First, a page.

For some journalists, diversity training might be a requirement

College officials want to make 'diversity training' compulsory after charges of insensitivity

Having to deal with an angry or offended reader is not uncommon for college publications editors. 

Some student publications, however, are being pressured by school administrators and offended readers to put their staffs through diversity training in an attempt to avoid covering sensitive issues the wrong way.

At Southwest Missouri State University, a group of minority students lashed out against editors of The Standard, a student newspaper on campus, because of an editorial cartoon that appeared in the newspaper that they found to be "offensive."

The cartoon, which was published a week before Thanksgiving, depicted two American Indians in traditional headdress and one Pilgrim gathering for Thanksgiving dinner. One of the Pilgrims, speaking to another said, “Gladys, the Indians are here and it looks like they brought corn again.” 

Members of the American Indian student group filed a complaint with the university’s Office of Equal Opportunity, which is responsible for investigating violations of the school’s anti-discriminatory policy. The university policy states that no university office or university-sponsored activity can discriminate on the basis of race, color, religion, sex, national origin, ancestry, age, disability or veteran status.

The students called for the firing of the adviser and editor, as well as mandatory diversity training for the entire newspaper staff.

While the university has not enforced any punishment on the newspaper staff because of the incident, it requested that the newspaper's editor and adviser meet with students about the incident. The editor of the newspaper eventually went through mediation with the group -- but a resolution was not reached. 

"When I first ran it, I wondered about it,” said Mandy Phillips, editor of the student newspaper. “But it was a Thanksgiving cartoon that dealt with modern Thanksgiving issues and it ran in the issue right before Thanksgiving break.”

Those opposed to the cartoon say it was discriminatory because the American Indians were portrayed in stereotypical feathered headdress and face paint.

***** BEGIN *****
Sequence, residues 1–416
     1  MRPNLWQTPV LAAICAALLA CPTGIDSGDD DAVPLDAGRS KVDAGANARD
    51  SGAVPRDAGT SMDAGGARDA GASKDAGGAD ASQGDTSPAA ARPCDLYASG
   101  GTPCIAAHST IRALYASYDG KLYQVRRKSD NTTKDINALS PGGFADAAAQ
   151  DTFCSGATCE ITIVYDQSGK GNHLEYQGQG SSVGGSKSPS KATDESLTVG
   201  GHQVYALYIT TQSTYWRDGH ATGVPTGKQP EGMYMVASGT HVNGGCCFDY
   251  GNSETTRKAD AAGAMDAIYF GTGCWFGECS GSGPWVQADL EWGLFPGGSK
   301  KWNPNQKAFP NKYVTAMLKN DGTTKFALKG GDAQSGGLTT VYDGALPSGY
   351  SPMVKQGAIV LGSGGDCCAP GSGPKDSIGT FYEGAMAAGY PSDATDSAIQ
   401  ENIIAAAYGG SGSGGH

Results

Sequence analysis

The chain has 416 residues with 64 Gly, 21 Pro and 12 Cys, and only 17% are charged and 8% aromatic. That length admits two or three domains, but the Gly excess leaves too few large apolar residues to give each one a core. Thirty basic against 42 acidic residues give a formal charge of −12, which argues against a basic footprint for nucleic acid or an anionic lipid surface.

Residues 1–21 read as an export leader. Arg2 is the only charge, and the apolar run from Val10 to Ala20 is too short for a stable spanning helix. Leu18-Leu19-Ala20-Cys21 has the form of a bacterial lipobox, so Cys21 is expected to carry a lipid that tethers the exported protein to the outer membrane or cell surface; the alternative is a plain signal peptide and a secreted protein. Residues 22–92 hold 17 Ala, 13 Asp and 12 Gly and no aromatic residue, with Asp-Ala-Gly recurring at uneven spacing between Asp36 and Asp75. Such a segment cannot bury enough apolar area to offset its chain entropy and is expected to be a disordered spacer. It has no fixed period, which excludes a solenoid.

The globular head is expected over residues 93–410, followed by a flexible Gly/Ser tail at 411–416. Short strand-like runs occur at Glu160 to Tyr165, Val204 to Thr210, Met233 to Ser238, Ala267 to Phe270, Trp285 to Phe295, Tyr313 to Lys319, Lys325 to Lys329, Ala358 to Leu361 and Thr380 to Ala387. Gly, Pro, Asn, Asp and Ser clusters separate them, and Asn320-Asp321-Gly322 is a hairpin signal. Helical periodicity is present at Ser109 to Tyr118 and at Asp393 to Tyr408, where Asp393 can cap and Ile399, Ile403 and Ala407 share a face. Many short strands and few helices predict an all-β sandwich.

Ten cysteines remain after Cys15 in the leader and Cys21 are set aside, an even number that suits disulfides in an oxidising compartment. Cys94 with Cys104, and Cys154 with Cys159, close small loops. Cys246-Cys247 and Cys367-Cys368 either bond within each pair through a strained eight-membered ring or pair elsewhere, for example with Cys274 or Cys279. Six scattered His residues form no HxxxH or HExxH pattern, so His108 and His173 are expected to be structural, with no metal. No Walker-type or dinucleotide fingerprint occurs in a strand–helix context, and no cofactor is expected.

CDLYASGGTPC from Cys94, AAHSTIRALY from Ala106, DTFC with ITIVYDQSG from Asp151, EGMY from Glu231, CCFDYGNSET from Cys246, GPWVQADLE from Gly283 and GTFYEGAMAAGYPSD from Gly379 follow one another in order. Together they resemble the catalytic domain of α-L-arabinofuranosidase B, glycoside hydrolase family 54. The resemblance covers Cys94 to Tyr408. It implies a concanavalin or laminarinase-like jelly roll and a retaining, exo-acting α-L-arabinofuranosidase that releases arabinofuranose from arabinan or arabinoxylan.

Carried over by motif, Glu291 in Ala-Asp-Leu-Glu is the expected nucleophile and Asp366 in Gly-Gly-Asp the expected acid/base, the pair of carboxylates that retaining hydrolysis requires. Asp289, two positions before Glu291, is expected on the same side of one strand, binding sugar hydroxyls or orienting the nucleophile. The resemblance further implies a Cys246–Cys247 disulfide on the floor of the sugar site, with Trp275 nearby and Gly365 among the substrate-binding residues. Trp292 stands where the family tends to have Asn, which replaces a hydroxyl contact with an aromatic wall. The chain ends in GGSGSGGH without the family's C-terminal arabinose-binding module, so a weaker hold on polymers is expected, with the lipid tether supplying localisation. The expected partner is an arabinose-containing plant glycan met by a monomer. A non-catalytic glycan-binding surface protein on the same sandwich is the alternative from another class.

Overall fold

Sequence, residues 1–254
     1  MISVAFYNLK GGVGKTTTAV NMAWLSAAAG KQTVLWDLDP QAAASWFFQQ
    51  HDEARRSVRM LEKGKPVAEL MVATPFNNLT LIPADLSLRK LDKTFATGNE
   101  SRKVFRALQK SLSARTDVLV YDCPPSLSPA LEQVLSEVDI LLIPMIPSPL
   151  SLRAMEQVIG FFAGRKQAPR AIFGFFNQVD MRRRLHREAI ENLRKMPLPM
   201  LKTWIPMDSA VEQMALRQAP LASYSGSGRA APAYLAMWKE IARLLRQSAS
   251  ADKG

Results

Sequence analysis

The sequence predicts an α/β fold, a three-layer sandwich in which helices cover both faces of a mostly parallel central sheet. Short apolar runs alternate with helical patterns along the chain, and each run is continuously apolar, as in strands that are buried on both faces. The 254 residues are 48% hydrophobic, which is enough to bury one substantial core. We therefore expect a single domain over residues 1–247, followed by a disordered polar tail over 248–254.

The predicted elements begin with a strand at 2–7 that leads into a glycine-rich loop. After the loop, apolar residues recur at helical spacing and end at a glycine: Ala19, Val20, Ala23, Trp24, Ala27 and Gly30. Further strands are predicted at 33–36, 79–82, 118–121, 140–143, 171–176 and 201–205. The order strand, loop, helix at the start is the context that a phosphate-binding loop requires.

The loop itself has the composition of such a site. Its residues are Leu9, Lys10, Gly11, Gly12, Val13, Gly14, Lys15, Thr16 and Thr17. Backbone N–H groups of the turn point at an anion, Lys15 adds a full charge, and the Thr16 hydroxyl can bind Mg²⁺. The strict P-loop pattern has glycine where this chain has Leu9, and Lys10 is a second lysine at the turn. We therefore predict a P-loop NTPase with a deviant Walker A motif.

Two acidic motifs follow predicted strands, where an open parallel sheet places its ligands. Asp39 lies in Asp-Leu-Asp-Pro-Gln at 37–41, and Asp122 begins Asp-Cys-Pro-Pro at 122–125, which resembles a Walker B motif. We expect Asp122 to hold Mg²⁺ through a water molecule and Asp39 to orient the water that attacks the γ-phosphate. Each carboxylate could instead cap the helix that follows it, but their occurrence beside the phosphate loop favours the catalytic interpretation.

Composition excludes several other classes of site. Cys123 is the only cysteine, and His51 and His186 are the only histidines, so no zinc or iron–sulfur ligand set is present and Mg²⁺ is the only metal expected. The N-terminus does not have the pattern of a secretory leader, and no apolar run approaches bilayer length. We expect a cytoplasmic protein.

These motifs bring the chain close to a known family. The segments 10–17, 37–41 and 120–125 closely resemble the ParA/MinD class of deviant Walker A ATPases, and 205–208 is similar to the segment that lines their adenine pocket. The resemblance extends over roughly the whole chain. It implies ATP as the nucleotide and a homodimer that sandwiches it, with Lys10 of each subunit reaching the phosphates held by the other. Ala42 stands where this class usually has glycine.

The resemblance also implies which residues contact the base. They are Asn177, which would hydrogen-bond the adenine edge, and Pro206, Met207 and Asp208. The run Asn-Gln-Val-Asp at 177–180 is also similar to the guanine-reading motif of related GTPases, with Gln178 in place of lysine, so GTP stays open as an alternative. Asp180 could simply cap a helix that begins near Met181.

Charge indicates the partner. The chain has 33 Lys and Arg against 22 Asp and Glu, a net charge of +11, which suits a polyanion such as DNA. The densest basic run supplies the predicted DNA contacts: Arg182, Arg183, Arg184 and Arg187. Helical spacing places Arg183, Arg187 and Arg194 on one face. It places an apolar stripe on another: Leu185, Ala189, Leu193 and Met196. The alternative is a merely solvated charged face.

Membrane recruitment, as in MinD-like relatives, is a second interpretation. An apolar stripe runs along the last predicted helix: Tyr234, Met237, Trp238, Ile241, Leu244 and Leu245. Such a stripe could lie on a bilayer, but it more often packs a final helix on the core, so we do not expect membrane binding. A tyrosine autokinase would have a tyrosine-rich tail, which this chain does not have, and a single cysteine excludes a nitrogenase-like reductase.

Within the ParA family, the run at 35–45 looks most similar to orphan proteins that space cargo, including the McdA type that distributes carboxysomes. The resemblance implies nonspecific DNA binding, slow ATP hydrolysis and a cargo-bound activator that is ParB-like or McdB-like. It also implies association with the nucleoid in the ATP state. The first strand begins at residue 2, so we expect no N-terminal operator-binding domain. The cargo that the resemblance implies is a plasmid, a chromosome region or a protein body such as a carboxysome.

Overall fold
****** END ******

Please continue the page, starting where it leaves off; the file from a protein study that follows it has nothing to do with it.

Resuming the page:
“I can’t apologize for everything that goes across the editorial page -- it’s an editorial cartoon,” Phillips said. “If there had been some level of stereotyping or racism that I had overlooked, I would have apologized.”

Phillips gave the American Indian student group space in the newspaper to write a response to the cartoon and has published every letter to the editor on the subject. She said running the cartoon was “not unethical and has been handled exceptionally well” by the newspaper staff.

Greg Lukianoff, director of legal and public advocacy for the Foundation for Individual Rights in Education, said school administrators are violating students' rights if they force them to go through diversity training. He said it is "a violation of their right to cover issues the way they please."

"The university should feel free to offer advice to newspapers, but when it comes to any program that would encourage [student journalists] not to cover topics on sensitive issues, or cover them in a particular way, that is infringing on the freedom of the student press," Lukianoff said.

By forcing student journalists into a situation where the feel they need to apologize, school administrators are trying to say "you will be held accountable for anything that any student ever finds objectionable, even if in some cases the students may be overreacting," Lukianoff said. 

"Almost any stance that a [newspaper] can take, any editorial it could take, an [opinion piece] that a student writes, is going to offend somebody," Lukianoff said. "Freedom of speech, at moments, is at its best ... when it does displease some people."

Editors at a student newspaper at the University of Hawaii have began screening cartoons more closely after it received objections to a cartoon it had printed in the newspaper.

The Afro American Lawyers Association of Hawaii was offended by a cartoon that was printed in the Ka Leo O Hawaii, a student newspaper at the university, in February that referred to the NAACP as the "National Alliance of Assailants of Colored People," according to the Honolulu Advertiser.

The newspaper's board of publications approved three recommendations that would mandate training for the board and its program heads; specific training for all cartoonists before their work is published; and oversight of all cartoons by two editors before publication, the newspaper reported.

Since the incident, a newspaper employee said the newspaper's editor in chief has been reviewing each cartoon before it is printed."Setting up a mandatory 'educational program' for the newspaper ... is a form of punishment," Lukianoff said. "In order to engage in journalism, students should not be required to go to any form of indoctrination or any forum of ideological training."

Fall 2004, Hawaii, Papish v. Board of Curators of the University of Missouri, reports, Southwest Missouri State University, The Standard, University of Hawaii